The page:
Liesl Shurtliff was born and raised in Salt Lake City, Utah, with the mountains for her playground. Growing up, Liesl was shy about her name. Not only did it rhyme with weasel, she could never find it on any of those personalized key chains in gift shops. But over the years she’s grown to love having an unusual name—and today she wouldn’t change it for the world!
Before she became a writer, Liesl graduated from Brigham Young University with a degree in music, dance, and theater. She now lives in Chicago with her husband and three young children, where she still dreams of the mountains. Rump is her first novel. Her second novel, Jack, will release April 2015. For more info, visit her website.
If you could live anywhere for one year, all expenses paid, where would you live?
Which of the seven dwarfs describes you best?
Grumpy. I’m not mean, but my natural disposition is just a little grumpy, and sometimes I want to punch super happy people in the nose! (Okay, I’m a little mean.)
If you could have a lead role in a remake of a movie, which movie would you star in?
Maria in The Sound of Music. I want to twirl on the top of that mountain and sing! Then again, nobody could ever trump Julie Andrews, so why bother?
Favorite fictional villain?
The Trunchbull from Roald Dahl’s Matilda.
What vegetable do you most resemble?
An artichoke. A little tough in some spots, a bit sharp in others, but the heart is tender and delicious.
Is your glass half full or half empty? What’s inside your glass?
Half empty, and in the glass is my morning green drink.
What initially inspired you to pursue a career in writing?
Writing is something I’ve always loved, but never thought of pursuing as a career until I graduated from college. For fun, I took a course on writing for children, and had the opportunity to work with Kirby Larson. She was a fantastic mentor and I absolutely fell in love with writing. I started submitting to magazines and newspapers, and as I had more success I began to feel confident that this was something I could do for a job.
What books are you reading right now?
Maggie Stiefvater’s The Dream Thieves. I love her writing and stories. I’ve been reading Sideways Stories from Wayside School by Louis Sachar to my kids, which was one of my favorites as a kid, and it’s just as delightful to read now than it was then.
Can you share a time in your writing career where you wanted to seriously give up? How did you find the motivation to continue?
Quite early in my writing endeavors I wasn’t sure I wanted to continue. It was so frustrating to have what I thought were such amazing ideas, only to have them fall completely flat on the page. I didn’t have the skills necessary to execute my ideas well, and I felt like such a failure. But I hate failure, and I detest giving up, so it was my stubbornness that kept me going. I believed that I had the talent, but not the skills. I committed myself to writing every day for a year, even if it was painful. Even if it felt like everything I wrote was awful. (And lots of stuff I wrote was horrible.) But I got better. I kept going, and now I know that most great writing comes from simply sticking with it. It doesn’t make it any easier, but I know what it takes and have more confidence.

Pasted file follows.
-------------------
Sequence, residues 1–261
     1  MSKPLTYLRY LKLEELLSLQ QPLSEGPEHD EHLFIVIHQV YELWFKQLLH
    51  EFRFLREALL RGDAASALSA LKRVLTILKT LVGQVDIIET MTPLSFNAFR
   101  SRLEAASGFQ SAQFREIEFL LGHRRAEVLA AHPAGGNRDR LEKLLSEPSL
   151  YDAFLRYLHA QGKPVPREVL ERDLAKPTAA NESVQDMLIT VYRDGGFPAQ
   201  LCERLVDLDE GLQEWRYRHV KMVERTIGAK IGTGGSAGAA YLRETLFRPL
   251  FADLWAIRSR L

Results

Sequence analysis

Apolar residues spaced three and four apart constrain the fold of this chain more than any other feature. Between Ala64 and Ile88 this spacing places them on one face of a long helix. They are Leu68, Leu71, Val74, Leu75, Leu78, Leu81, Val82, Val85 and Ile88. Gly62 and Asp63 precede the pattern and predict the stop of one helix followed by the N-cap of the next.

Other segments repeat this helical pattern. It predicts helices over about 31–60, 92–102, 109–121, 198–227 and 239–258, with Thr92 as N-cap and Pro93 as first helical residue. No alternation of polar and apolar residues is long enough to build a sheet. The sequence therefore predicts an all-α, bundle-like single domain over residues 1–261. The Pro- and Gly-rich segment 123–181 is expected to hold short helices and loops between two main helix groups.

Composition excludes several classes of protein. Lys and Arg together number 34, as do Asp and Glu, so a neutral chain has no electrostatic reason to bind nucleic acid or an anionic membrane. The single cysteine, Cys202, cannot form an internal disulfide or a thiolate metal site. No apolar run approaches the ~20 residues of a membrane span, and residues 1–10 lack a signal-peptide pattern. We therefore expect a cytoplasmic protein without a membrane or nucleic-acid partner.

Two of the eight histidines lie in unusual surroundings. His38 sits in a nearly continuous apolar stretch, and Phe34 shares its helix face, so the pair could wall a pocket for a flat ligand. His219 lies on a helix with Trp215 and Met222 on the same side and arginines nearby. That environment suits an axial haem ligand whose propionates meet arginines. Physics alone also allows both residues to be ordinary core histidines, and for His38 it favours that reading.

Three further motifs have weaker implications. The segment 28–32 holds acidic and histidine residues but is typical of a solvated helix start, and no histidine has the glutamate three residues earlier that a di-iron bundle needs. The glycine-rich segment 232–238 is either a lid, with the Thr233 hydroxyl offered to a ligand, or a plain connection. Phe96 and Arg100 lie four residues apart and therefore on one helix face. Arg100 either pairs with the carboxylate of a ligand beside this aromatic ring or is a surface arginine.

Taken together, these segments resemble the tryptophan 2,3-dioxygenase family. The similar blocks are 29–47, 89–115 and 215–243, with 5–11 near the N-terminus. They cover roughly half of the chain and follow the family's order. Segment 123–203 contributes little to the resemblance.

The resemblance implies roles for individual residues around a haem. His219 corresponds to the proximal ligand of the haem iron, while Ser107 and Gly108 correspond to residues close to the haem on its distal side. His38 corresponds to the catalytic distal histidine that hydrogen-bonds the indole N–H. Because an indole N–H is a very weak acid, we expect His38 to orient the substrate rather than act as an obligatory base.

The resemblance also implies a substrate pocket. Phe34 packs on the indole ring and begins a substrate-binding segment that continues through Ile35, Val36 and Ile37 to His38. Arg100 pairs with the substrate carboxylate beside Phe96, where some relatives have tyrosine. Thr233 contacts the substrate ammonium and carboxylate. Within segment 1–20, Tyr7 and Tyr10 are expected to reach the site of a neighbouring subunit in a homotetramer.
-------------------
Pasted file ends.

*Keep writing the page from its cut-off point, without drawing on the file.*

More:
If you can’t listen to the above advice, find joy in the process, even when it’s excruciating.
What inspired you to write your first book?
I’ve always been fascinated by fairy-tales and their ability to span generations and cultures. Also, they’re so quirky and bizarre! The tale of Rumpelstiltskin particularly fascinates me because although he is the title character, we know next to nothing about him. Where does he come from? How did he get his name? Why is it so important? How did he learn to spin straw to gold and why on earth does he want a baby? So I set out to write a story from his point of view and answer these questions. I went the extra mile and decided I wanted Rumpelstiltskin to be not only understood, but also loveable. I found the center and voice of his story when I shortened his name to the bare minimum. How can you not love a runty fellow called Rump?
What do you think you do best in your writing? Bragging is encouraged.
I think I’m damn good at bringing together humor and emotional depth. Funny doesn’t always have to be shallow, and depth needn’t always be so serious. I think I bring the two together in a natural way. It’s nothing I’ve worked on; it’s very natural to my own character.
If you had to do it all over again, would you change anything in your novels?
Sure. Though I love and adore my books, there are a few things I wish I could go back and change, but they’re small things and it doesn’t bug me that much.
Is there anything you find particularly challenging in writing? What comes easily?
Drafting is torture! Ideas are the only things that come easily. Revising isn’t easy, but it’s satisfying. Execution is a beast.
Who is your favorite author? What is it that really strikes you about their work?
Oh, must I choose one? This probably changes every day, but I’m going to go with Roald Dahl today. He’s such a fantastic storyteller, such vibrant plots and characters, and he’s not afraid to go overboard with the villains. Such despicable beings, and yet we love them all the more for it.